Enter your mobile number or email address below and we'll send you a link to download the free Kindle App. Then you can start reading Kindle books on your smartphone, tablet, or computer - no Kindle device required.
To get the free app, enter your email address or mobile phone number.
American Infidel: Robert G. Ingersoll Paperback – January 1, 1993
See the Best Books of the Month
Want to know our Editors' picks for the best books of the month? Browse Best Books of the Month, featuring our favorite new books in more than a dozen categories.
Frequently Bought Together
Customers Who Bought This Item Also Bought
If you’re the author, publisher, or rights holder of this book, let ACX help you produce the audiobook.Learn more.
Top Customer Reviews
The book shows how the theologians of the time attacked him personally, when they could not combat his ideas on the merits. He was a pioneer of atheistic apologetics, and he paved the way for subsequent like minded people to be able to exercise their rights of free speech on topics which, prior to his efforts, would have exposed them to imprisonment for blasphemy. This biography covers the nation's presidential politics from Lincoln through McKinley. I enjoyed the book and will read it again.
Ingersoll was the leading speaker and agnostic of that day. Although, agnostics of the day were not able to hold office, he was the confident of presidents, introduced by leading ministers, and well respected by the media. How sad that his vision of infidels being more and more accepted has not yet been realized.
He was a person of great integrity. A genuine Civil War Hero who turned down a Generalship to end the war with his troops. Who knowlingly lost a bid for Governor by speaking the truth about his beliefs.
Let me also recommend Grant, by Jean Edward Smith, which gives a flavor for the President who preserved the Union for and after Lincoln.
His surprisingly close relationship with his reverend father, from whom Ingersoll obviously inherited much of his deeply held reverence and affection for the institution of family; his many political aspirations that never quite came to fruition (luckily for us!); his uncanny and almost comical ability to lose tens of thousands of dollars in whatever business venture he chose to invest his wealth; the author has filled the book with these and many other personal gems from Ingersoll's life that one cannot get from studying his lectures alone.
I am always overjoyed and at the same time deeply saddened each time I learn something new about this great American, one who did so much to advance the cause of liberty and freedom in our country and yet today garners little or no recognition at all. Do yourself a favor, and take the time to get acquainted with one of the great patriots, orators, freethinkers, and champions of human liberty and freedom!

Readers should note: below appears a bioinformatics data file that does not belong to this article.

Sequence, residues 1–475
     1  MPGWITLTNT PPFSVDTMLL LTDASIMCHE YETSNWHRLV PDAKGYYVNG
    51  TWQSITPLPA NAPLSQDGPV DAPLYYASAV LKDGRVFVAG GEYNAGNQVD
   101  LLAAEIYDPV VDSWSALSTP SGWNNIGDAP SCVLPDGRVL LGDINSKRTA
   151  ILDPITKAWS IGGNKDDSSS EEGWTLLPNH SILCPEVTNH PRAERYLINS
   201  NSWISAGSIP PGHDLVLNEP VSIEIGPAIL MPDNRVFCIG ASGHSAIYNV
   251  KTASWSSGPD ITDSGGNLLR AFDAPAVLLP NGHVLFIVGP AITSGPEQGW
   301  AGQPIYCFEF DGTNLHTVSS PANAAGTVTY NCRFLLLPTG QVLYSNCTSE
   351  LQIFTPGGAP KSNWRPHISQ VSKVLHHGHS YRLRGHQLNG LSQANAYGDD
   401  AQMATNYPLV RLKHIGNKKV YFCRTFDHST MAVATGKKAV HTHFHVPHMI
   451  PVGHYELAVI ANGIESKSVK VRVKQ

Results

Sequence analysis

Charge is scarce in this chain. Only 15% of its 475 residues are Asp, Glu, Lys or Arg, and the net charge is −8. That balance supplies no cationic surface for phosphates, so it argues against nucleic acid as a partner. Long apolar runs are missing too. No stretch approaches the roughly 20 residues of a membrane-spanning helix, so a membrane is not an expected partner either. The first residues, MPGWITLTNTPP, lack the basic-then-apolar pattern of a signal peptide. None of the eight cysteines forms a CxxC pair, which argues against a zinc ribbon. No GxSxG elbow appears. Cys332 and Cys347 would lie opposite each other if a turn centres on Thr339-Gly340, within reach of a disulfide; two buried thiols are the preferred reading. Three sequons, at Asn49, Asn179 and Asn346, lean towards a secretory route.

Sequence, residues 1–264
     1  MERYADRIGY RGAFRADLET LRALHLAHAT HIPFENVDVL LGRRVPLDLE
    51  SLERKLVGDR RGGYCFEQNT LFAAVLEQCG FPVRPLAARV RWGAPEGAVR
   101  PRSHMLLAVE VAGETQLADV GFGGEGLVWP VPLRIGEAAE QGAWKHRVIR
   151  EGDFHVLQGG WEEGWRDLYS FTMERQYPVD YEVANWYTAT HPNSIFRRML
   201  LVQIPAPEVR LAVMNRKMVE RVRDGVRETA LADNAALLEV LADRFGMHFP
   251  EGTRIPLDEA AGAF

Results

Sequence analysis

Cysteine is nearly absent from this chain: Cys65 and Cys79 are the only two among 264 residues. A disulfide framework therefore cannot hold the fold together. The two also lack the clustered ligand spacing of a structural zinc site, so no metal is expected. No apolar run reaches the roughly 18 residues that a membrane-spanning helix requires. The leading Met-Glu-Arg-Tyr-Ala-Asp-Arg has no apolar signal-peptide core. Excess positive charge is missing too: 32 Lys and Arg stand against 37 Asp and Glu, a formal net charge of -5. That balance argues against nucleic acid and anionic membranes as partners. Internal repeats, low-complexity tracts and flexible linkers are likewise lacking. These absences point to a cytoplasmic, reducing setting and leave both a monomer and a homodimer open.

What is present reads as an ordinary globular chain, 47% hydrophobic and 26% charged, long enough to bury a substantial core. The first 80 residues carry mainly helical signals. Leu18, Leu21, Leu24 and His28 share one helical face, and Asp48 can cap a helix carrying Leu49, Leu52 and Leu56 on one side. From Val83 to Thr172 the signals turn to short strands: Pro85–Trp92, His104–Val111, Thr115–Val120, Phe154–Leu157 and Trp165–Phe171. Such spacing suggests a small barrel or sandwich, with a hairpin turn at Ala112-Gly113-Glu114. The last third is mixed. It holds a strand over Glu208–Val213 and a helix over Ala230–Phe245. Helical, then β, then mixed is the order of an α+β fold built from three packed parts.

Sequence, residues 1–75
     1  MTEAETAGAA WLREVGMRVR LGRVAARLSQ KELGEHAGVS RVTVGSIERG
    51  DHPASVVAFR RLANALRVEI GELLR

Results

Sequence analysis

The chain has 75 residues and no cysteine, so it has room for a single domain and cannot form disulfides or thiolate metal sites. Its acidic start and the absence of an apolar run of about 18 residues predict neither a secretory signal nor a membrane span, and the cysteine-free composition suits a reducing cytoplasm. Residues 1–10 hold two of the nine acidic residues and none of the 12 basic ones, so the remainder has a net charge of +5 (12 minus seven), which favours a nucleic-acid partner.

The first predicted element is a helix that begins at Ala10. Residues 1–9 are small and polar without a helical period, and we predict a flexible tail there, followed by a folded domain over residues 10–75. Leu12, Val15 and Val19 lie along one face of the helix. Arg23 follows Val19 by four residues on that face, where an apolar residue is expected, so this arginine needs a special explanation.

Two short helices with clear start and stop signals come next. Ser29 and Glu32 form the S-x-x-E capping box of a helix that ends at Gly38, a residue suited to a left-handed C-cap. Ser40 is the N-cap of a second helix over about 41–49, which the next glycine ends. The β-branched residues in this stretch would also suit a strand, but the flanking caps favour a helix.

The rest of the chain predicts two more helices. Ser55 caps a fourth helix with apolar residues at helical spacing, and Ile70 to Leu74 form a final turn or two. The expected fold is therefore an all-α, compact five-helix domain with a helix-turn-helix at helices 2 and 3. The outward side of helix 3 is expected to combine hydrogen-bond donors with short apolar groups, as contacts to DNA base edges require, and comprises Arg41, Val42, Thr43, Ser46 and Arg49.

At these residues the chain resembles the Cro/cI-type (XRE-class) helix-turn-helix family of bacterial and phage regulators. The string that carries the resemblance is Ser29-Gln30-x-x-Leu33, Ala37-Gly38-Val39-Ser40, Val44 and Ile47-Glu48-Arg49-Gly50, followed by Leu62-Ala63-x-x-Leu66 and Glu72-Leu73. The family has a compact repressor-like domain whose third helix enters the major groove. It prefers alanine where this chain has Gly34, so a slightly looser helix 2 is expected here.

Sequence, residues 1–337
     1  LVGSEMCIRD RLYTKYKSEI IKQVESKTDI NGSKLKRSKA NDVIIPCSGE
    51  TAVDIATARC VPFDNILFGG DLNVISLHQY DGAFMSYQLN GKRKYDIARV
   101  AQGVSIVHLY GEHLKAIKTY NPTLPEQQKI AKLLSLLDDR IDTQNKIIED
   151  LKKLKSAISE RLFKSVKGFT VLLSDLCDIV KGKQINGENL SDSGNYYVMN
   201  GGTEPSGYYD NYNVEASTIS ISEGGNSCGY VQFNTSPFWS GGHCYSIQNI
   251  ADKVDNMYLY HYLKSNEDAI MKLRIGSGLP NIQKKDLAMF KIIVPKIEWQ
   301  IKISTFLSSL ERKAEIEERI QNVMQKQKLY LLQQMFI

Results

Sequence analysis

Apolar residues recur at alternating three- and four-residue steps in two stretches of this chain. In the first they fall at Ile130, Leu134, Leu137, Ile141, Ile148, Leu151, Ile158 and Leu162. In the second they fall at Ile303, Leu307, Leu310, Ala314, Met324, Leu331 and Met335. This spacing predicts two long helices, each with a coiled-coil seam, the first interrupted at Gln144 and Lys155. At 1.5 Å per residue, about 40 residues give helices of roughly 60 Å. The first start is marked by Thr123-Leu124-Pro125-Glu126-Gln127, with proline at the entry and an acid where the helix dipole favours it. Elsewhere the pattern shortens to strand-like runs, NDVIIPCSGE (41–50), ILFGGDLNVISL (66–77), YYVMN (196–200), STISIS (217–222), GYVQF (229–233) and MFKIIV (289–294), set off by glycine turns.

The Foundation calls itself "a nonprophet nonprofit and nation's largest atheist/agnostic group, working to promote the separation of state and church." One of their public signs, erected very near a Christmas-time manger scene, as you might recall, said in part: "There are no gods, no devils, no angels, no heaven or hell. There is only our natural world. Religion is but myth and superstition that hardens hearts and enslaves minds."
Larson's biography follows Ingersoll as a lawyer, Union colonel in the Civil War, anti-slavery activist, beloved family man, sometime politician, and nationally popular speaker.
Ingersoll preceded by some 150 years a number of today's prominent unbelievers. Chiefly these are the so-called "Four Horsemen of New Atheism": Sam Harris "The End of Faith: Religion, Terror, and the Future of Reason," 2004), Richard Dawkins ("The God Delusion," 2006), Daniel Dennett, ("Breaking the Spell: Religion as a Natural Phenomenon," 2006), and the late Christopher Hitchens, ("god is not Great: How Religion Poisons Everything," 2007).
Christopher Hitchens, who died in December 2011, was quite outspoken, seeming willing to debate all comers. He denied life after death, saying that death ends human existence, that we will feel no regret about dying, because we won't even know we are dead. We will simply be dead. After death there is no reward, no punishment.
Richard Dawkins contrasts the "Strong theist" (100% believer) and the "Strong atheist" ("I know there is no God.").Read more ›
Most Recent Customer Reviews
Written several years ago but excellent to learn about the great IngersollPublished 10 months ago by marc goris
Way back in the 70's I became familiar with Robert Green Ingersoll - quite by accident*. My husband and I had a graphic arts business and one day a couple walked in with all the... Read morePublished on January 9, 2013 by One Tree in the Forest
ROBERT G INGERSOLL, IS PROPABLY ONE OF THE MOST INSPIRING PERSONS, HIS WRITINGS, ON LIFE, REALITY, ONE TO SPEAK OUT AGAINST THE ALL POWERFULL CHRUCH,
HIS KNOWLEDGE ON THE... Read more
As Americans have gotten more religious (65% report attending church today as opposed to 17% during the early days of this Republic), toleration for other opinions has decreased. Read morePublished on February 1, 2009 by R. Baldwin
If you are interested in his work and thoughts and not very interested in his personal characteristics and when he did what this book is probably not for you. Read morePublished on July 2, 2003 by Olle Blomgren